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  1. #1

    M1/72 HJ achievement badge without award serial number?

  2. #2
    Soft details, particularly inside the swas arms, unissued but looks like the (very thin) silver wash has, well, washed off. Not only doesn't it have a number it also has no 'B' and I always wonder about a possible scenario that would lead to a load of unmarked badges being found. Surely the only scenario is a box at the manufacturers... I mean, the
    would not have dispatched blank badges so such items can only have existed further up the line. I don't like this badge and I don't like unmarked achievement badges in general.

    There. you have the first opinion :)

  3. #3
    I know what you mean with "blank" but it cant really be, because IF any number were to be added, it cant be done post manufacture, it would ruin the shape with the force necessary to punch the numbers on, so it`s blank in the sense of being made especially like this, with just M1/72. There are also M1/34 "blanks" about, and many of them. The silver coating has "worn" off but i just found another online that looks exactly the same, with the coating worn off..

    Yes i have problems with this as well, i`ll show you why just now..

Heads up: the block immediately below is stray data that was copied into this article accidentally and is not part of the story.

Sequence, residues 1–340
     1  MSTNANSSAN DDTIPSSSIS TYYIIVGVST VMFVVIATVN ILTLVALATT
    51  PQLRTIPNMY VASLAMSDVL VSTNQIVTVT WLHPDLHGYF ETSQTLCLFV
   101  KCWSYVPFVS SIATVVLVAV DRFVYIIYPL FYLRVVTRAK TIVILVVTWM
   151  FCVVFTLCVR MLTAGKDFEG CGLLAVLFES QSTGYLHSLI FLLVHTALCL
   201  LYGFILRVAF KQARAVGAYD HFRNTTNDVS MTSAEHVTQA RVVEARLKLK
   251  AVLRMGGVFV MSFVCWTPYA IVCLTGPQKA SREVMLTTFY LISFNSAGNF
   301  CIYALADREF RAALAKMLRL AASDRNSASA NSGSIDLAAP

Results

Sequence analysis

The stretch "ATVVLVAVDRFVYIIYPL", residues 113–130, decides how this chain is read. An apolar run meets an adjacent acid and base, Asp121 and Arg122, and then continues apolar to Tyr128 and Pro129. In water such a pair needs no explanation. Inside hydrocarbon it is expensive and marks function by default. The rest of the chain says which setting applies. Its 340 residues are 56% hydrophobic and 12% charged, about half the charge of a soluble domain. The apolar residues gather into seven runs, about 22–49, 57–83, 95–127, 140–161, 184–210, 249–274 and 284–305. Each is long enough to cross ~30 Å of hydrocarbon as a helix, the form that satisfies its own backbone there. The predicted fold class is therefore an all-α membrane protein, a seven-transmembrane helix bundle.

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  4. #4
    The point at which the award serial number was put onto the badges is something I haven't yet seen described in any primary literature. Clearly the manufacturer wouldn't know what serial number to stamp onto them because only the Reichsjugendführung had that information so if the manufacturer was stamping the badges then it must have been the case that the
    was transmitting batches of serial numbers to the various manufacturers. I wonder if anything has turned up to show that happening? The alternative scenarion of course is that the
    took delivery of blanks at regular intervals and then stamped them as required but as you say, surely the obverse face of the Tyr rune would be damaged by cold-stamping.

    In lieu of documentary evidence perhaps the answer lies in a comparison of the stamp characteristics based on maker. If they are all the same from say M1/101 but different to M1/34 then that would be good circumstantial evidence. I have to say that I always imagined the achievement badges being stamped by the
    as required but sending batches of serial numbers out to manufacturers makes more sense and also would accommodate the scenario that GIs may have found them there. No HJ boy would have received one of these blanks - that's for sure.

  5. #5
    I did that already, and they are the same, but all different, pointing certainly towards each maker stamping them and not one source. Even the normal older ones are different. The sizes are also different, so that there could not be one main die, or form for the
    to put them into and then re-stamp them without distorting them. You could heat them up, and "press" the number in without distorting them, but then bang goes any silver-wash, bronze wash or black wash, and the solder melts meaning that the